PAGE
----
Covid-19 has confounded the expectations of doctors. Patients suffer from a bewildering variety of complications. They urinate blood, complain of heartburn and lose their sense of smell and taste. A 56-year-old man in a Beijing Hospital developed brain inflammation; his face began to twitch and he hiccuped uncontrollably. A 71-year-old woman, returning to the US from Egypt, developed back pain, vomiting and bloody diarrhoea.
…[Physician Simon] Ashworth has seen bodies laced with blood clots and patients hit with heart attacks, strokes and kidney failure. “I think that in the scientific and political discourse that took place, there was a failure to recognise that we just don’t know very much about this disease,” says Ashworth.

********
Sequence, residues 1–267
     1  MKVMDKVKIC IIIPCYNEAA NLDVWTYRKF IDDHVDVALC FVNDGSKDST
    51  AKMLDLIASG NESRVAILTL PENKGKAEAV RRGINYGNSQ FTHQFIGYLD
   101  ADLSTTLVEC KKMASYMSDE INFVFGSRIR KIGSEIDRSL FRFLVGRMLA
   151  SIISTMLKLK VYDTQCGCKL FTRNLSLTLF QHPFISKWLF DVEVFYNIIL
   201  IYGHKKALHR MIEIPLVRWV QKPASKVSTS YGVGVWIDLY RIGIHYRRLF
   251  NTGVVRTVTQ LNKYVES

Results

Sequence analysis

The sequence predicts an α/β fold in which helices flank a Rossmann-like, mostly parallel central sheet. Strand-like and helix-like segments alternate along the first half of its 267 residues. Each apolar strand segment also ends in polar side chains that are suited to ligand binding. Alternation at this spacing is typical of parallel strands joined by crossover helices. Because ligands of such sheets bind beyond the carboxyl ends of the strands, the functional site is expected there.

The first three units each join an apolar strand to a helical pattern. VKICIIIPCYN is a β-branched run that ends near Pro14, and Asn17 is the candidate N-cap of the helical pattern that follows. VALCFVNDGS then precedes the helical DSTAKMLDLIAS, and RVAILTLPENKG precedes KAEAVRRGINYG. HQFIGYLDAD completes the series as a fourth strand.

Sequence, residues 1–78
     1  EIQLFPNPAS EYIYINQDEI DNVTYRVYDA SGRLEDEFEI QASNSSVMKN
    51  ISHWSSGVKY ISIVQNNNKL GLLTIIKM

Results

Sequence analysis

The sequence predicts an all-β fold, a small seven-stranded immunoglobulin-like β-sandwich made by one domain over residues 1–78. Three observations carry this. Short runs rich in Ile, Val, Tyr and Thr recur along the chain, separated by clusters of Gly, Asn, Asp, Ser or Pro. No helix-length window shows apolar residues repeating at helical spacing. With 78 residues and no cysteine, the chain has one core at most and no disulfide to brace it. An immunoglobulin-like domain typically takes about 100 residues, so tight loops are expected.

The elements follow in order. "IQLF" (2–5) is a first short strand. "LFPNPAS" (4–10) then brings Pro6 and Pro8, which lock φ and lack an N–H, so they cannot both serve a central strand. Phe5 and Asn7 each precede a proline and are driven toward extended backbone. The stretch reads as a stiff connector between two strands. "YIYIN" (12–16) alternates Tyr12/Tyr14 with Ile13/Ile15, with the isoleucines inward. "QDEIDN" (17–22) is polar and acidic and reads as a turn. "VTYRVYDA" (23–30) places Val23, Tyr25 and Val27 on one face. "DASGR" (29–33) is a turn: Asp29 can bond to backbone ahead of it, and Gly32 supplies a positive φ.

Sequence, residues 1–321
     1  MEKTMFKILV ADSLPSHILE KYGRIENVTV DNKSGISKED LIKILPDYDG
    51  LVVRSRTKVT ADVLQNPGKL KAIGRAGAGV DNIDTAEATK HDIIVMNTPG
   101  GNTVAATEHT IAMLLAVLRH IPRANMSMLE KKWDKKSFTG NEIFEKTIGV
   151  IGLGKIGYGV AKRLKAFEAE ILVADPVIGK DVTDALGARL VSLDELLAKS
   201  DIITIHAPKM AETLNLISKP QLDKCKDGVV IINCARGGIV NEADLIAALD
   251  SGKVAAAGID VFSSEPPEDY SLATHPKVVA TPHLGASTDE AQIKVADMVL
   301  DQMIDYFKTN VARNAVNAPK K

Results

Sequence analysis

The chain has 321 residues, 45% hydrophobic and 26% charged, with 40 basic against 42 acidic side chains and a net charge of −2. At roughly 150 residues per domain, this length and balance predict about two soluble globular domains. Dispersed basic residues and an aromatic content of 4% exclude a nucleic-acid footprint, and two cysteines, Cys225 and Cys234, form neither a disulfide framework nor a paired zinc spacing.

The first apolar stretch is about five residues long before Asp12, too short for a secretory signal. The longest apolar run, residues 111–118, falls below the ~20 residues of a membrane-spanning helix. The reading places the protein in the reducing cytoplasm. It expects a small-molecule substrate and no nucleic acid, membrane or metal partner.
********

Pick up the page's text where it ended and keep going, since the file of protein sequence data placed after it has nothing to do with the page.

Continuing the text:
This severity reflects a blunt truth – we do not have a treatment for Covid-19 yet. Doctors can support failing organs with ventilators and dialysis machines, but against the virus itself they are empty-handed. “You’ve got a situation where this virus gets a free run at you until your immune system works out how to deal with it,” says Ashworth. And part of how it deals with it is it to kill the cells which have been infected by Covid-19, which are part of your body.”